House Edge in Roulette versus Other Games

Online roulette is our favorite casino game, as you might expect, but of course there are lots of other fish in the casino sea and one important factor to consider when choosing an alternative game to play is the house edge.

The house edge can most simply be viewed as the casino’s in-built profit margin on any given game. Whilst far from the only factor to consider when choosing a casino game, it is certainly very important, especially for those players that value profit and time at the table over other considerations, such as the fun factor or the ability to win huge sums. Here we take a look at the house edge of online roulette as it compares to three other key games: slots, blackjack and video poker.


Let’s start with the greatest casino game of them all, roulette. The house edge, as discussed in our more detailed article solely on online roulette, is 2.70% in single zero roulette and almost double that, 5.26%, in double zero game. Aside from one bet on double zero roulette, the house edge remains the same no matter what the player does.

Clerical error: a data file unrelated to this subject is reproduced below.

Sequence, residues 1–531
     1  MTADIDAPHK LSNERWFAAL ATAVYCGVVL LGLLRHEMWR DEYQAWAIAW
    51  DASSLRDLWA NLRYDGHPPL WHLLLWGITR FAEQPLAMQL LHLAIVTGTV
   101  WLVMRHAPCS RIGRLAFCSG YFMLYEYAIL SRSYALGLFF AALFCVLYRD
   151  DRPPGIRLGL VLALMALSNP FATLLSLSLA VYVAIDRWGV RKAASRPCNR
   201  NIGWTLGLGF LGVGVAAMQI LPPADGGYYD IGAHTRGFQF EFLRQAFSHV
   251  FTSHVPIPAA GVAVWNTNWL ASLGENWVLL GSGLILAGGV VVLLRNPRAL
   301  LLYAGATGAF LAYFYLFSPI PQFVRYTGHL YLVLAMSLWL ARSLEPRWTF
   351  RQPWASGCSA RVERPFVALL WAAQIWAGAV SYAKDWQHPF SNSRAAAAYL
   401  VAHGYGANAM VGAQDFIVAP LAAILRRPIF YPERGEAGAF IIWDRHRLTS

The house edge in blackjack is more complex than roulette because it is changed by two things. Any house edge figure quoted for online (or offline) blackjack assumes optimal play, basic strategy as it’s called, is being used. The house edge is the minimum figure possible but any deviation from basic strategy will serve to increase the casino’s advantage.

The other factor to consider is the exact rules of the blackjack variant being played. Lots of factors, including the number of decks being used, the payout for a “natural” blackjack and the splitting and doubling rules affect the house edge. Based on “typical” rules, as much as these exist, the house edge in blackjack is low, at around 1%.

Video Poker

The house edge in video poker is very similar to blackjack in that the same two factors, the player’s decisions and the precise rules, impact the house edge. It is also similar in that a typical house edge for the game will tend to be around the 1% mark and, as with blackjack, can often be lower, with full pay Jacks or Better offering an edge of just 0.46%.


Slots carry a high house edge, sometimes called the RTP, that can be as big as 15%. The player’s decisions don’t change this but it’s worth noting that some software companies allow casinos to control the house edge, so the same game at one site may have a different edge to that found at another. Around 5% is common.

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